Could a middle-of-the road solution prevail in Heien v. North Carolina, the fascinating and important Fourth Amendment case being argued on Monday? The parties and most commentators have understandably focused on the more absolutist positions in the case, but alternative dispositions are available. In particular, the Court could rule that mistakes of substantive law are reasonable for Fourth Amendment purposes only when the police have relied on clear guidance from authoritative sources, like courts or legislatures. That middle-ground approach would give the government a partial victory on the legal standard applicable in future cases, while affording the defendant a victory in the case at hand.
The question presented in Heien seems pretty stark: “Whether a police officer’s mistake of law can provide the individualized suspicion that the Fourth Amendment requires to justify a traffic stop.” This formulation seems to ask whether an officer’s mistake of law during a traffic stop can ever satisfy the Fourth Amendment. If the Court answered in the negative, that would certainly be good news for the petitioner, who was stopped based on suspicion that he had violated a traffic requirement that (state courts later concluded) did not actually exist. Much of the briefing focuses on this broad framing. For example, the petitioner argues that if ignorance of the law is no excuse for average people, then it shouldn’t be an excuse for police either. Orin Kerr and other commentators have taken up this salient line of reasoning. For my part, I’ve blogged about how the question presented is in tension with the rule of lenity and informed by arguments from history.
But the petitioner could actually prevail under many narrower holdings, and the petitioner’s briefing effectively acknowledges as much. Consider for example this passage from the petitioner’s reply brief:
Even if this Court were to deem good faith pertinent to the legality of traffic stops based on mistakes of substantive criminal law, an objectively reasonable misinterpretation of a never-before-construed statute still would not supply reasonable suspicion. Contrary to the State’s and Solicitor General’s arguments, tolerating this sort of mistake would establish pernicious incentives for police officers at the expense of individual liberty. It is one thing to tolerate police officers’ mistaken reliance on clear dictates issued by courts or legislatures; it is wholly another to tolerate officers’ own legal mistakes, even if supposedly reasonable.
In other words, we want and expect police to take seriously “clear dictates issued by courts or legislatures.” And when those “clear dictates” are wrong, that error is arguably attributable to the “courts or legislatures” that generated the relevant guidance—not to the police who quite reasonably followed it. As the passage above argues, this approach helpfully aligns incentives, in that it encourages police to think hard about the right answer whenever they lack clear guidance from legal experts. It also comports with widespread intuitions about what can “reasonably” be expected of police.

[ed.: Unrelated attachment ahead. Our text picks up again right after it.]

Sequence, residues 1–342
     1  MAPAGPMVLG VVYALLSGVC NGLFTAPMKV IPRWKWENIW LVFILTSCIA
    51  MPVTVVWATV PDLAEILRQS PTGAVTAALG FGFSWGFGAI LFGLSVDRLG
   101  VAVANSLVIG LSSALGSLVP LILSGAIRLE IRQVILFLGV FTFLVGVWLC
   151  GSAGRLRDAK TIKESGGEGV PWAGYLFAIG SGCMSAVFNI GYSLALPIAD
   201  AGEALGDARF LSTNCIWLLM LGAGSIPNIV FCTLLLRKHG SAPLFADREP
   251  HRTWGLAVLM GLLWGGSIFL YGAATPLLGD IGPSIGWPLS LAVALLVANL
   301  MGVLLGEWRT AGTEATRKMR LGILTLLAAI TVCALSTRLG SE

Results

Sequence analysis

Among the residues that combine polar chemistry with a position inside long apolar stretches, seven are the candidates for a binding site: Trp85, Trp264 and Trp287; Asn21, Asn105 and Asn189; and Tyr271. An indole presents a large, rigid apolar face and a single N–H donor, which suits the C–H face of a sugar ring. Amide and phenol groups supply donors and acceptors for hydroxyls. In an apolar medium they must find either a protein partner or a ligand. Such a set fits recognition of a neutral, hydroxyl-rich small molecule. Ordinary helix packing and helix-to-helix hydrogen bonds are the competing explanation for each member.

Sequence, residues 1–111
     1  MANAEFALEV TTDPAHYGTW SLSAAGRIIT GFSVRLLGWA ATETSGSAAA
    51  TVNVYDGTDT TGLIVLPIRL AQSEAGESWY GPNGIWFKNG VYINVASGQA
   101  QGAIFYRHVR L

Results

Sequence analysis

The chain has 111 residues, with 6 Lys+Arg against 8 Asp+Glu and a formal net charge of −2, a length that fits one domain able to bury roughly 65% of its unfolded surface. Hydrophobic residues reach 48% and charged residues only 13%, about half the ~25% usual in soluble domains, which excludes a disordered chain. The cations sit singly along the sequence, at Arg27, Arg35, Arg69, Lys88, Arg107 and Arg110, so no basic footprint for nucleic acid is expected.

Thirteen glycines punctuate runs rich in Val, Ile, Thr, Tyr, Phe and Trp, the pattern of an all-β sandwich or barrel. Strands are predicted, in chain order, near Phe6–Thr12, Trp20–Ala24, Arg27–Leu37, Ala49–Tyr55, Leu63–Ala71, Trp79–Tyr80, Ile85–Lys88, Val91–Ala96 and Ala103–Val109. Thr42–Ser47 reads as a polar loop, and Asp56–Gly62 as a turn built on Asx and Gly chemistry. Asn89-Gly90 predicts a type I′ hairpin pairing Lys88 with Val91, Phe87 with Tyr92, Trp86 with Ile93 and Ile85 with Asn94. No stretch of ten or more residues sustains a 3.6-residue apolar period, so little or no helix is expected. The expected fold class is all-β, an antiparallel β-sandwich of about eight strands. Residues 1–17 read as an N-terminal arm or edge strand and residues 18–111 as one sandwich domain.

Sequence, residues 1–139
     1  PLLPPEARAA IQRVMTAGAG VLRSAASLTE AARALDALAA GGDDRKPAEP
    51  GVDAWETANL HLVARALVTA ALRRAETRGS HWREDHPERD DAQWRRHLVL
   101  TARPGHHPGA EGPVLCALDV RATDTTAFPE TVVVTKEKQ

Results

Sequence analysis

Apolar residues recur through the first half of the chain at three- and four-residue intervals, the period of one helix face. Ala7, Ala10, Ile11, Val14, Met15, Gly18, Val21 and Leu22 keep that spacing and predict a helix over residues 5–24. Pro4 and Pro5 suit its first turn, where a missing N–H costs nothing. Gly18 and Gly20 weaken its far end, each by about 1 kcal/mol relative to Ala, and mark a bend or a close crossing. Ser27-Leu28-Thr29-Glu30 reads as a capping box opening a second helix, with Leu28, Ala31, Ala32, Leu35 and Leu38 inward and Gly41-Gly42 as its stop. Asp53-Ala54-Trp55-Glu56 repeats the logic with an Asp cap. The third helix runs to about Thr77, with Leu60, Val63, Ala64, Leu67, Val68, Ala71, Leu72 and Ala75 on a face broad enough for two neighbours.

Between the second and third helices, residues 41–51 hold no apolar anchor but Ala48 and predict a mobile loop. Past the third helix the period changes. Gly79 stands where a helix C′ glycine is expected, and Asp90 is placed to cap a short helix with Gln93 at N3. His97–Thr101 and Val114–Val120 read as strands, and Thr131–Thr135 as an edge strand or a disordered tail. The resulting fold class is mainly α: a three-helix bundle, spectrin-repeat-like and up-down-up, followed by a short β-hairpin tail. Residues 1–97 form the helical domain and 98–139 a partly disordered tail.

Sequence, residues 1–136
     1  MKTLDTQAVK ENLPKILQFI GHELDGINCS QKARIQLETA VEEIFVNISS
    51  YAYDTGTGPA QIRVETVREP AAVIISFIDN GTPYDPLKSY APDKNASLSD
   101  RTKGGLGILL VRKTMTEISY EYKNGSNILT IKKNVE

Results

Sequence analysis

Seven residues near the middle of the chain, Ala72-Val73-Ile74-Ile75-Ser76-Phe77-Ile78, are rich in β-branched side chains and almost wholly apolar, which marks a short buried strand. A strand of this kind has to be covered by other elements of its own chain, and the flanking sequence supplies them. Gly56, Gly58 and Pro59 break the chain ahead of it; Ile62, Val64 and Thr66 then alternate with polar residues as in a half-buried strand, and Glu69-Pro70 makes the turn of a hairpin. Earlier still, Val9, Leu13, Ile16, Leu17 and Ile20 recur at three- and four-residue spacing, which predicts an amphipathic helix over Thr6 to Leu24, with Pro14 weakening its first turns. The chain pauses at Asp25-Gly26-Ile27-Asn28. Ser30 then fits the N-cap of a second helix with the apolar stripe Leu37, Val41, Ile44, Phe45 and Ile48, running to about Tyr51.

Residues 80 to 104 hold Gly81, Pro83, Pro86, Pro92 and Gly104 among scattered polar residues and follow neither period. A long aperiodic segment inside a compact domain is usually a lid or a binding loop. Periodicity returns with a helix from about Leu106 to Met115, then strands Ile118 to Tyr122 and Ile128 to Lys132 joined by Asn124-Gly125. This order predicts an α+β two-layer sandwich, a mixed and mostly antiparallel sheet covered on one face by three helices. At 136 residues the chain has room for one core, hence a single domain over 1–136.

This relatively nuanced approach also has the advantage of comporting with the government’s reading of Michigan v. DeFillippo, where the Court seemed to say that police complied with the Fourth Amendment when they sought to enforce what turned out to be an unconstitutional ordinance. Instead of re-characterizing DeFillippo as a remedies decision (as the petitioner primarily argues), the Court could simply read its apparent Fourth Amendment holding narrowly. In Heien, there was no clear guidance from the legislature or from courts as to the relevant substantive law. Instead, there was just a confusingly written statute that (it seems) had never been authoritatively construed. Therefore, DeFillippo could easily be read not to apply in Heien.
In response, the United States as amicus pointed out that the state courts viewed the relevant statutory question as open to reasonable disagreement, given the relevant state statutory text and structure. And the United States also noted: “Cases involving similar stops had been adjudicated with no suggestion that a broken light was lawful.” These arguments fall short of showing that the police were relying on the legislature or courts. Instead, the police simply faced a challenging legal question that the legislature had created and that the courts hadn’t yet been asked to resolve. It does not even appear that the police sought out relatively expert legal guidance within the executive branch.
Notably, the government’s argument is in tension with its normal insistence that sub silentio holdings are not holdings at all. In another case being argued this sitting, for example, the United States cited Webster v. Fall: “Questions which merely lurk in the record, neither brought to the attention of the Court nor ruled upon, are not to be considered as having been so decided as to constitute precedents.” Right or wrong, the government’s idea that police are uniquely entitled to rely on sub silentio holdings is yet another form of Fourth Amendment exceptionalism at work in Heien.
Will even a single Justice be interested in exploring this kind of middle-ground result? Perhaps not. But it’s still an important aspect of the case before the Court.